Posts Tagged psychology
I’m on a Jet Blue flight to San Francisco. The purpose of my journey is a two-day “personal retreat” in Sonoma with my teachers, Saniel and Linda-Groves Bonder. The retreat is part of an intensive ten-month course entitled “The White-Hot Yoga of the Heart.”
I’m concerned about filling the two days with Saniel and Linda with enough meaningful material to discuss. It will be just the three of us. No other students will be present, which is usually the case with the other “in person” retreats and the tele-course seminars. I won’t be able to snooze or go off into my own little world. There will be no opportunities to take “time off” during our sessions. Gulp.
We’ll spend some time working on marketing projects that I’ve initiated and we’ll take a trip to the beach or the mountains. We’ll do some meditation. This still leaves a lot of time to fill in two days, including lunch and dinner.
We’ll talk about “my stuff,” or in more dignified terms, “my process.” As I’ve grown on this path, I’ve become less inclined to talk about myself, yet some self-talk is necessary. It’s a challenge to decide what is worth talking about and what isn’t. I suppose it’s hard to know in advance what to talk about, but it makes sense to come ready with a few notes. When push comes to shove, I think the shotgun approach is the best way to go: just blurt out whatever comes up on the topics I’ve come prepared to discuss. The golden nuggets will spew forth in the midst of the dross.
I’ve learned to try to listen to feedback and not sit there thinking about what to say next. For me, that’s easier said than done.
Lately, I’ve developed the habit of saying succinctly what little I have to say. This new habit only exacerbates the problem of how to fill the time. My teachers are experts in filling the awkward gaps in conversation. Still, I feel responsible for coming to the retreat with enough material to fill the space. I’m not exactly brimming over with material.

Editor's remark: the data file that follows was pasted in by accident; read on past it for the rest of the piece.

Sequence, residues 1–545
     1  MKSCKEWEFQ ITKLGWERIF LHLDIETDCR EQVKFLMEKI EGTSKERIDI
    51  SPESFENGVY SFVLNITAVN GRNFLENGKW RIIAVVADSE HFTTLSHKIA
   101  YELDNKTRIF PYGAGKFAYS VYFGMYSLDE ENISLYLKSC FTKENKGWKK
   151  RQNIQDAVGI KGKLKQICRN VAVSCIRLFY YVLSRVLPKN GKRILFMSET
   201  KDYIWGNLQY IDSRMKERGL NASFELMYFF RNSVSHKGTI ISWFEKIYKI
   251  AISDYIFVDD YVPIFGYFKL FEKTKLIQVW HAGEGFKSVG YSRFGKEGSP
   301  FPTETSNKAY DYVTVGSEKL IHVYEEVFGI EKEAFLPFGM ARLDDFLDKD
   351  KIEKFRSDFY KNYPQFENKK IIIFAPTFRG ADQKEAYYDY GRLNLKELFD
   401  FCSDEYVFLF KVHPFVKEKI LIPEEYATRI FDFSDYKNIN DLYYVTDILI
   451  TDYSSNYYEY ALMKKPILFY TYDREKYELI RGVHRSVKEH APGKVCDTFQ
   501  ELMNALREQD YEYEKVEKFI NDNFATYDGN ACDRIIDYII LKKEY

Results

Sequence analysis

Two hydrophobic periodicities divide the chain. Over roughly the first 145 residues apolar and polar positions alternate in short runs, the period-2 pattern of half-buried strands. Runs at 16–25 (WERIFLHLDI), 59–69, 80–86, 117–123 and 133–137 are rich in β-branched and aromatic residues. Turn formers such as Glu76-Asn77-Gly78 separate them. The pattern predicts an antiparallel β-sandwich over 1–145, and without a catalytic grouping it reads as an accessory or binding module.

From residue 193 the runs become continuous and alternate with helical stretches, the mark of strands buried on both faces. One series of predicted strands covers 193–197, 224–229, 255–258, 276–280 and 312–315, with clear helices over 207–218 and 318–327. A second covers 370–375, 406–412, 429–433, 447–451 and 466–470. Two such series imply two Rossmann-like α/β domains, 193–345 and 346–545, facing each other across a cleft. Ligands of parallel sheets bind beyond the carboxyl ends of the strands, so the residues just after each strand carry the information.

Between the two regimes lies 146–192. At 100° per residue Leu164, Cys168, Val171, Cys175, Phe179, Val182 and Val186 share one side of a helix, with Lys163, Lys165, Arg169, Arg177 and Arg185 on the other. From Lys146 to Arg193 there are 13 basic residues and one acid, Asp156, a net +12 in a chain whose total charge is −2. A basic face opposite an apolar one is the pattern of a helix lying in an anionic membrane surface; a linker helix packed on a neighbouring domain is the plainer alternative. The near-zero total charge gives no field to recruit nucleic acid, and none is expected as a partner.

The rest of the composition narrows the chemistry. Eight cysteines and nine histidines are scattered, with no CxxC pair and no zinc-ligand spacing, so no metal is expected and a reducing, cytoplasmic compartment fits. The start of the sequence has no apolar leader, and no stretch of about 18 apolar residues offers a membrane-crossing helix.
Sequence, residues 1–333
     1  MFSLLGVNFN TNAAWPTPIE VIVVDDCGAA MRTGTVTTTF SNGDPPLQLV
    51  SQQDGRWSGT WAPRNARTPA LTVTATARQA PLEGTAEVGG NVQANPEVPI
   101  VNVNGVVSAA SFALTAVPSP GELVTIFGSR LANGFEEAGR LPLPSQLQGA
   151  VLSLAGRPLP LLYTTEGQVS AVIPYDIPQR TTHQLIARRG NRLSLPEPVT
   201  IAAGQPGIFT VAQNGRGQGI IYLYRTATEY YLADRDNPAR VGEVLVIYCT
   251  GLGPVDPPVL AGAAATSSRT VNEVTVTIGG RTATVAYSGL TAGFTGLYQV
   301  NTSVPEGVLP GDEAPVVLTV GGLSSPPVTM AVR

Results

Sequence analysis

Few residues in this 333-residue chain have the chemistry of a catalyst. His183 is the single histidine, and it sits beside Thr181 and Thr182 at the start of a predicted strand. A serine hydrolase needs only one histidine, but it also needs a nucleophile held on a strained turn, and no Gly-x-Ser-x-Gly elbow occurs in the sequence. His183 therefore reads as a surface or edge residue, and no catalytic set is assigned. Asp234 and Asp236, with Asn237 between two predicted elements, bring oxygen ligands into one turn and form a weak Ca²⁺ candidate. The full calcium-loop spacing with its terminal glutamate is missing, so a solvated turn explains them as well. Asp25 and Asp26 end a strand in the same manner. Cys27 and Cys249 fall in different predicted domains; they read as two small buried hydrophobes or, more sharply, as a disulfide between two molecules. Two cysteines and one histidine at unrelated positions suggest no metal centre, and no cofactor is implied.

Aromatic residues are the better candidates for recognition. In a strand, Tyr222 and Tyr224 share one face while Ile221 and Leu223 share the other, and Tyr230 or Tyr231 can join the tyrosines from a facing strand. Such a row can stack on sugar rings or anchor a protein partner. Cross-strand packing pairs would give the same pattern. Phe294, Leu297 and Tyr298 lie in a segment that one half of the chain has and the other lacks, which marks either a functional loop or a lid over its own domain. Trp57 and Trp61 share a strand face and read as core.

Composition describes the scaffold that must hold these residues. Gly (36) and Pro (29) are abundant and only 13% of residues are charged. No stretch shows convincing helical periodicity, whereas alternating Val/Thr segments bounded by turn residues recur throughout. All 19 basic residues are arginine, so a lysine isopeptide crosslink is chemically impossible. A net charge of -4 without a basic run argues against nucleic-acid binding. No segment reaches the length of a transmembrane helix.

I’ll just have to be cool and see what happens. I’ll fill you in on the flight home.
We are all born with a natural curiosity to explore the world around us and the world within ourselves. This innate curiosity is often most evident in children. As we grow older, there is a tendency to lose touch with this curiosity as survival needs, responsibilities, and pressures to conform literally choke the life out of our thirst to know more.
Nature hates a vacuum. If we are not moving forward, we are automatically moving backward, even though it may seem we are standing still. Within us, there is an urge to expand. We must make a conscious choice to move forward; to expand. If we don’t, the default choice of moving backward and becoming smaller will automatically be engaged.
It takes an act of will to grow, to reach your highest potential. It takes courage, determination, and perseverance to blaze your own path. But the rewards, in terms of personal satisfaction, far outweigh the risks.
Self-determination, self-actualization, and freedom require, along with the above, discretion, discernment, and self-examination. You were born to be a pioneer, an innovator, a creative force for your own happiness and the people around you. The path stretches ahead as far as you can see. You only need to take the first step; then travel down that road, one step at a time.
How do you begin? Ask your heart. It is your compass. It will never lead you in the wrong direction. Your heart may tell you things that make no sense. Trust your heart. Have faith in yourself and in life. And have the courage to follow your heart’s desire every day towards more enthusiasm and joy in your life.
The most important thing to remember is that you are not alone. In my opinion, it requires a relationship with a higher power to have the strength and discernment to become your highest, best, and happiest self. In my experience, the best way to foster this relationship is through prayer, meditation, and study. Ask for the things your soul wants and then be ready to receive them.